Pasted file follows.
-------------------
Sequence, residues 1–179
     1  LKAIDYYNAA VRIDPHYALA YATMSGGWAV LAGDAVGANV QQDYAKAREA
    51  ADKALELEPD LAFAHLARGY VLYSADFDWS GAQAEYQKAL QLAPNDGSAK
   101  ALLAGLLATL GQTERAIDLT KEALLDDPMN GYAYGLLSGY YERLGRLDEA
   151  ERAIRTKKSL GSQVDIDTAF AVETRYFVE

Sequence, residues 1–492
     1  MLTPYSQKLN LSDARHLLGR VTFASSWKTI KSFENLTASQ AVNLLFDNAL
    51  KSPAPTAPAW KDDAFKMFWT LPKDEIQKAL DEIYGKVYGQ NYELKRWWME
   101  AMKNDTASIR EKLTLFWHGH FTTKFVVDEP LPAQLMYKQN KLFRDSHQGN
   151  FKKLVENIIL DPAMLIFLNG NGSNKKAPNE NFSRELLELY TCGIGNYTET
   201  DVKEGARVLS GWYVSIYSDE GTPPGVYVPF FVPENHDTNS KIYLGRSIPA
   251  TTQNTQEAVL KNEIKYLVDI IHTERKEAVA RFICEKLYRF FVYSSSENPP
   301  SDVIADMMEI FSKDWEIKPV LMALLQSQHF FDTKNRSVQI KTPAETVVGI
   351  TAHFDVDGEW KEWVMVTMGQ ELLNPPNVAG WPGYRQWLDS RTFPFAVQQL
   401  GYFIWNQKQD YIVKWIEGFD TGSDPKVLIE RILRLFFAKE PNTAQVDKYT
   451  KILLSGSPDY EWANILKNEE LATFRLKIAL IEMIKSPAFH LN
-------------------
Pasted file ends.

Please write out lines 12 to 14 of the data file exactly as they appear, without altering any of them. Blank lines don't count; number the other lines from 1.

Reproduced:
   251  TTQNTQEAVL KNEIKYLVDI IHTERKEAVA RFICEKLYRF FVYSSSENPP
   301  SDVIADMMEI FSKDWEIKPV LMALLQSQHF FDTKNRSVQI KTPAETVVGI
   351  TAHFDVDGEW KEWVMVTMGQ ELLNPPNVAG WPGYRQWLDS RTFPFAVQQL